Amphibious Trilogies

Ice bridging

One of the most striking pieces in The Northern Maritime Museum in Arkhangelsk is the display of the making of ice bridges across the river.

We have wandered around the museum and delighted in its maritime historical exhibition works and style, the large wooden ship models and accomplishments of the past also connected to the trajectory into steam and then nuclear power.

By the window, under its iridescent blue plastic awnings, and facing the summery outdoor tarmacked area beside the river, we meet a seasonal and state change. Here the depths of winter are represented in a rather small but powerful display of the laying out of tracks and vehicles across the river. It is an ice bridging activity.

The ice is thick enough to dispatch tracks that will connect two main land masses of the city. The flow of water and logs and ships has been halted by the force of the winter, though deeper down the water still flows. Now the technology of a different movement, of a different transportation are deployed. It appears to be an operation underway, its passage not defined as a destination but a movement over the water, on rails, on the ice.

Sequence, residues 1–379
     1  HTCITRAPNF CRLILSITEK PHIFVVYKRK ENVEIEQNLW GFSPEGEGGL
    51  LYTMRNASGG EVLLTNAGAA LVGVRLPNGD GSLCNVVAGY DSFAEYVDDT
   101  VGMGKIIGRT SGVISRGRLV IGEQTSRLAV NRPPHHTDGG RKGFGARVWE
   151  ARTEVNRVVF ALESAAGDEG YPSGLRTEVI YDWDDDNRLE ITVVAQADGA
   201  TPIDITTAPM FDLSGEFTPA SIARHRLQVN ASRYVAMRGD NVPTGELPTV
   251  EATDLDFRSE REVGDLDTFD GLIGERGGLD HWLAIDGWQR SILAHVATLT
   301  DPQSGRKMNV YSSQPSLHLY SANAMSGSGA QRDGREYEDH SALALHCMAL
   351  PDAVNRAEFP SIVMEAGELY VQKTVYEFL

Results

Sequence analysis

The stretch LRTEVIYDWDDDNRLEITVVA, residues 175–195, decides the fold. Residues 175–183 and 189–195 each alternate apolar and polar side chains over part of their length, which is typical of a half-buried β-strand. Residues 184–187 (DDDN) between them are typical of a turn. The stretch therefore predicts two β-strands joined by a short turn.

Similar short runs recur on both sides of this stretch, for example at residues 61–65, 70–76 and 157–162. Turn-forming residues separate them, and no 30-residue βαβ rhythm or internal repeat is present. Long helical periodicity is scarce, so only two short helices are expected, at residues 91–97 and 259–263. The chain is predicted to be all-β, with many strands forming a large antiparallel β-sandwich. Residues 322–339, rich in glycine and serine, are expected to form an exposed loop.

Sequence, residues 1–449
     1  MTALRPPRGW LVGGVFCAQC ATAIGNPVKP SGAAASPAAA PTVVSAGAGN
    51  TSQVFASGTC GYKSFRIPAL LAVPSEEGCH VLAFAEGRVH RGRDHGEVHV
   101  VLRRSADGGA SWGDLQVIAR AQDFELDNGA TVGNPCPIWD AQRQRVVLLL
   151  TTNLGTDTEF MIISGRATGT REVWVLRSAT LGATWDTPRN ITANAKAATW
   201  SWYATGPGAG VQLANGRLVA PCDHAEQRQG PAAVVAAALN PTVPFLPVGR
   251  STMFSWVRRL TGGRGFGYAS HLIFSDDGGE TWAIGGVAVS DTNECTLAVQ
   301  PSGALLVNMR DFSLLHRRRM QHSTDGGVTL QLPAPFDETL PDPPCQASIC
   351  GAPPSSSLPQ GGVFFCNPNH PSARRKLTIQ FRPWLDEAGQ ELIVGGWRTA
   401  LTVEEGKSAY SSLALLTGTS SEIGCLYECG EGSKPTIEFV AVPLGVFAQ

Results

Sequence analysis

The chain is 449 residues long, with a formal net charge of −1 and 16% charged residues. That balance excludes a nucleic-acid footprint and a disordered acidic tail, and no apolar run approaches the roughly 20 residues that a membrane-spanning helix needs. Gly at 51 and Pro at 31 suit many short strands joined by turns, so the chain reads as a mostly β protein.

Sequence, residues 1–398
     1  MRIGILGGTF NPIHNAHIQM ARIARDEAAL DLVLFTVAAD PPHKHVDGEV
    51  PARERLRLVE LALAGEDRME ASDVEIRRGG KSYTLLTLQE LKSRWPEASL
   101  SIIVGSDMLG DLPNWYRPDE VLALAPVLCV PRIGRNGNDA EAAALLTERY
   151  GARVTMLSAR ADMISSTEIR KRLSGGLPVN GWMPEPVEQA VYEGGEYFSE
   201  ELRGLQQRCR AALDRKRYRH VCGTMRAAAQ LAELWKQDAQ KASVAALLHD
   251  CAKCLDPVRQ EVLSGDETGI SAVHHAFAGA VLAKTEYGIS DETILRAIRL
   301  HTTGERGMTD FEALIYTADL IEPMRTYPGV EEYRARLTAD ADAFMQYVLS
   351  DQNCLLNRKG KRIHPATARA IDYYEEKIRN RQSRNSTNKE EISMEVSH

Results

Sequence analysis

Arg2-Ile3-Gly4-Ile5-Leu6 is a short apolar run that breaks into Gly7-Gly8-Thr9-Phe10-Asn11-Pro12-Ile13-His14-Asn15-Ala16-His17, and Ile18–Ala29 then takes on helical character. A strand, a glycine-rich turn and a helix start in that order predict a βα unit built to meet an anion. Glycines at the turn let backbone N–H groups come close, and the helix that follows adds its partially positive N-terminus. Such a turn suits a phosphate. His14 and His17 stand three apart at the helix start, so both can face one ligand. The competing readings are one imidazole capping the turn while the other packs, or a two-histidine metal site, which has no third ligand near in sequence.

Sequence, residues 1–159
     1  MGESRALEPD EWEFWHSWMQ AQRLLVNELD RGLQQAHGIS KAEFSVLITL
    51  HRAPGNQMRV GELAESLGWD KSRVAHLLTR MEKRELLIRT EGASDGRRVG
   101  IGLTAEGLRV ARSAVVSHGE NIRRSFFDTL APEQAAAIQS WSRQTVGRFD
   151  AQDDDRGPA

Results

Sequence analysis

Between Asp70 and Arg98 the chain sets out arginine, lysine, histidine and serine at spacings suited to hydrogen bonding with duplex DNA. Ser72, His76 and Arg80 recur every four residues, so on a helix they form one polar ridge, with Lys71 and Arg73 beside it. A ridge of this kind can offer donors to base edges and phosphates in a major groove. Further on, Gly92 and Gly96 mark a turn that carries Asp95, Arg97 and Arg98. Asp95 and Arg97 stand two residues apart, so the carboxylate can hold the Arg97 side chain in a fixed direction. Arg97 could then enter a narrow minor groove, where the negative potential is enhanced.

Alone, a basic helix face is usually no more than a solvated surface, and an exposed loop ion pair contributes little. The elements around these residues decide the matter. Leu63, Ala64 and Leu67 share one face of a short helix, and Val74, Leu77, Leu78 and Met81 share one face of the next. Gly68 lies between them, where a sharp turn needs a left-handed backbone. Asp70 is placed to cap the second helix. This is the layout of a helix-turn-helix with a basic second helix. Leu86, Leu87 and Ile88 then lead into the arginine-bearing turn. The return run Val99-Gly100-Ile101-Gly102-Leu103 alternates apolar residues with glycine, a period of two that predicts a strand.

Ingenuity, the need, the possibility and the actual are all symbolised. They are even more powerful as this particular display is accentuated by bright sunlight, summer warmth lighting up the ice surfaces with its shattered perspex fragments showing ice, the powdery flat surface suddenly alive as one walks around it, able to imagine its connections from both sides of the river.

This is a curious movement, one of model, body, scenario and immediate physical world context just outside the museum.

One looks out onto the harbour and river’s edge and sees there the prow of a ship and the river, in motion. And the other bank of the river!

At once the scale of this ice bridging operation becomes more conceivable, and the bird’s eye view depicted in the model stretches outwards like a track in the mind. A season, perhaps mid-winter, and a set of interconnected movements being made for extended choreography of connection, inside the cool of the museum, in the sunshine, mid-summer.


Click & Drag: Rotate the view.
Right Click & Drag: Pan the view.